South Africa’s Public Investment Corp., which holds shares worth 13 percent of the stocks traded in Johannesburg, plans to use its influence to curb executive pay, appoint chairmen and promote better governance.
South African companies suffer because board members sometimes grow too close to management and aren’t scrutinizing their performance sufficiently, Chief Investment Officer Dan Matjila, 52, said in an Aug. 27 interview at Bloomberg’s offices in Johannesburg.
“Those are some of the issues that have allowed people to get away with murder,” he said. “We’ve taken a conscious decision that we’ll try and engage. We’d like to be aggressive behind the scenes.”
The Pretoria-based PIC invests about 80 percent of the 1.6 trillion rand ($150 billion) it manages in companies on the Johannesburg Stock Exchange, ranging from Naspers Ltd., Africa’s largest media company, to Sasol Ltd., the world’s biggest motor fuel-from-coal producer.
The board at African Bank Investments Ltd. failed to spot what Matjila described as “reckless lending,” practices which resulted in the lender disclosing on Aug. 6 that it would post a record loss and needed to raise at least 8.5 billion rand to survive. The stock fell more than 95 percent over three days before it was taken over by the central bank, which will divide some of its loans among bigger financial-services companies.
The PIC, which manages the pension funds of South African government workers, owned 12 percent of African Bank, according to data compiled by Bloomberg.
The PIC is working out a strategy allowing it more influence over executives in instances where board members are not being accountable, Matjila said.
Ecobank Transnational Inc’s board replaced its chief executive officer Thierry Tanoh in March after regulators probed allegations of management fraud and poor corporate governance at the pan-African lender. The PIC, which is a shareholder, had said on March 1 that it wanted Tanoh to resign immediately. In a letter to the bank’s interim chairman Matjila said Tanoh had been using Ecobank to pursue “his own political and personal interests.” The stock has climbed 16 percent to 16.8 naira since Tanoh was replaced.
“This idea of shareholders appointing a chairperson, is not yet out there,” he said. “This is something we are thinking about. That’s an area that shareholders have left to all and sundry. We need to find a way as shareholders to at least take control over who sits there, who will be best to look after our interests.”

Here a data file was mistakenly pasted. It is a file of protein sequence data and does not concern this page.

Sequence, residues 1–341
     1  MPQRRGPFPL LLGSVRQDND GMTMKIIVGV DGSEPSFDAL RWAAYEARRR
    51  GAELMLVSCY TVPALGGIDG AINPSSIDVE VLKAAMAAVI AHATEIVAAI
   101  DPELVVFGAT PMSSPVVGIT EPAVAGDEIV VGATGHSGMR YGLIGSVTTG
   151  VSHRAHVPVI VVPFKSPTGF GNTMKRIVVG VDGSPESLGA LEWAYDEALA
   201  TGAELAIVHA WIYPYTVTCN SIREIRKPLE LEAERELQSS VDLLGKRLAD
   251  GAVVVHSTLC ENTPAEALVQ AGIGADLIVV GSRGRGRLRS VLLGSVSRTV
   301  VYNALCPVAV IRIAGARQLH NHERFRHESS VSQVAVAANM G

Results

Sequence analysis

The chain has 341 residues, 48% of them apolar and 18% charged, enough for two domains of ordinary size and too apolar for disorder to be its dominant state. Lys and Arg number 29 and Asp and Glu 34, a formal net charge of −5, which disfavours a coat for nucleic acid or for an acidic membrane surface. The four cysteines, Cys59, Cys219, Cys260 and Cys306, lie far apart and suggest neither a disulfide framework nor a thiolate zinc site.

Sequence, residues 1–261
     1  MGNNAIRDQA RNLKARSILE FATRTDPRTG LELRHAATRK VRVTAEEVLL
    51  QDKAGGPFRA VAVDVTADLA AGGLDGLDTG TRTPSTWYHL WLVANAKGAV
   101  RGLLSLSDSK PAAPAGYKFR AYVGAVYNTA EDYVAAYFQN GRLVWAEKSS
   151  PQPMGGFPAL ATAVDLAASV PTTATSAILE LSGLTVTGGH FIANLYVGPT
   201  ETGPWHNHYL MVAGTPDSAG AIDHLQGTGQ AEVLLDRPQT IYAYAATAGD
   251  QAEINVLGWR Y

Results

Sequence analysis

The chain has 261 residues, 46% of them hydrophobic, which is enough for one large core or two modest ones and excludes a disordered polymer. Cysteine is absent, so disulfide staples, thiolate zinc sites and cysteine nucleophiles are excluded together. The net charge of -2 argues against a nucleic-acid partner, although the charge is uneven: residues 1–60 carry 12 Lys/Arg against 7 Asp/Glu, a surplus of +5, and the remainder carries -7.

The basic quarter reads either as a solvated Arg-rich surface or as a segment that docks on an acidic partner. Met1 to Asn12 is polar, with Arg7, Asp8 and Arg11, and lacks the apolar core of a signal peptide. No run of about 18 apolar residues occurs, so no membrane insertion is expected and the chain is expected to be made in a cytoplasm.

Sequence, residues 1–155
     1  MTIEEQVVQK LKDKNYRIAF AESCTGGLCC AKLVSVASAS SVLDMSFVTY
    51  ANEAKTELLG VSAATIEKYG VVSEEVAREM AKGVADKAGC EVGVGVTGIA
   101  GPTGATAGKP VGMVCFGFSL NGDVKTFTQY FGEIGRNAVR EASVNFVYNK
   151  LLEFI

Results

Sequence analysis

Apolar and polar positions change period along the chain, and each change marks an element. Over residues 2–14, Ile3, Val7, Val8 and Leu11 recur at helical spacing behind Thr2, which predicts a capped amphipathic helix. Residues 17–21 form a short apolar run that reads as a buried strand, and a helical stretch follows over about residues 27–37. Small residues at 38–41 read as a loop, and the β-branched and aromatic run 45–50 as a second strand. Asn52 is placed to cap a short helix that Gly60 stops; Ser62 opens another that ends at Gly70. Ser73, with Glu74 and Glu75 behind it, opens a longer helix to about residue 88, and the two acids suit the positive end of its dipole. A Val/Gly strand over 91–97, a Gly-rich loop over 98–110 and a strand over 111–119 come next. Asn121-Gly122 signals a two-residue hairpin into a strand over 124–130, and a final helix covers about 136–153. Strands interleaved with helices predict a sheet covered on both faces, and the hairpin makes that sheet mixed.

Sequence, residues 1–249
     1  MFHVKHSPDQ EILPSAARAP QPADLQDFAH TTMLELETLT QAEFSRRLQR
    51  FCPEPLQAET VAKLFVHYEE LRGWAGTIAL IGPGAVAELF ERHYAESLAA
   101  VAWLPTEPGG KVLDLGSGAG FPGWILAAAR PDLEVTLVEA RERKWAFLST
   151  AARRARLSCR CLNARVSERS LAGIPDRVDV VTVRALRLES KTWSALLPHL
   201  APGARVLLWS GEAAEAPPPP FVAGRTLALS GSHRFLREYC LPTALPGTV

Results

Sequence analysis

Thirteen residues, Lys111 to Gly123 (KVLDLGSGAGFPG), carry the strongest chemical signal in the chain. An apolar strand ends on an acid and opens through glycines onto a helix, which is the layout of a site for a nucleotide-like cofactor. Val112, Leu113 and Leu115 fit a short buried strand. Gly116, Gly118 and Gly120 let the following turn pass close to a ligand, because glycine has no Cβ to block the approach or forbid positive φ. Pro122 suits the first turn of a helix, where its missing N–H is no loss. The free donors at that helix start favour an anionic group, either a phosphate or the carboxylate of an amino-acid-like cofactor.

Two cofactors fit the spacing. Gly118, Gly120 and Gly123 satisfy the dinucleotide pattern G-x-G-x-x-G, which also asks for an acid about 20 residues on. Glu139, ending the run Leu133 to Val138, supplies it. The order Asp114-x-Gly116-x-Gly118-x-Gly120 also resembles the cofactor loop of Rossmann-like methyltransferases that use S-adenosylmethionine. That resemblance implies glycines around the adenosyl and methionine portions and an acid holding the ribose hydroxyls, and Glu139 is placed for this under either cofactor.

Negative reports about company executives, such as one regarding a police investigation into Telkom SA SOC LTD.’s Chief Executive Officer Sipho Maseko will affect the PIC’s investment decisions, Matjila said. The money manager will appoint a board member to represent its 11.4 percent stake in Africa’s biggest fixed-line operator soon, he said.
Johannesburg’s Star newspaper reported last month that Maseko is accused of running up about 30,000 rand in traffic fines using a cloned license plate. A police investigation is under way, according to Wayne Minnaar, spokesman for the Johannesburg traffic police.
Maseko became the first South African CEO to be ordered to attend a director-duties course earlier this year after the award of a loan to then Chief Financial Officer Jacques Schindehutte that was found to have breached the Companies Act.
“These kinds of reports, don’t sit well with us,” Matjila said. “We have engaged with them before and we continue to engage with them so the board can address this.”
The PIC aims to boost economic growth and invest in education and health as well as seeking to reduce unemployment in one of the most unequal societies in the world.
This year more than 70,000 platinum miners participated in a five-month strike at operations owned by the world’s three biggest producers, demanding basic annual pay of about 150,000 rand.
Anglo American Platinum Ltd., the largest of those, paid CEO Chris Griffith a basic salary of 6.7 million rand. Including benefits he earned almost three times that much.
The PIC is working on a formula to determine a fair level of executive pay, Matjila said, without referring to any companies by name.
“It’s too high,” he said. “The inequality is just too high in this sort of environment. It’s very problematic for shareholders, where shareholder value is not created, but somebody walks away with lots of money.”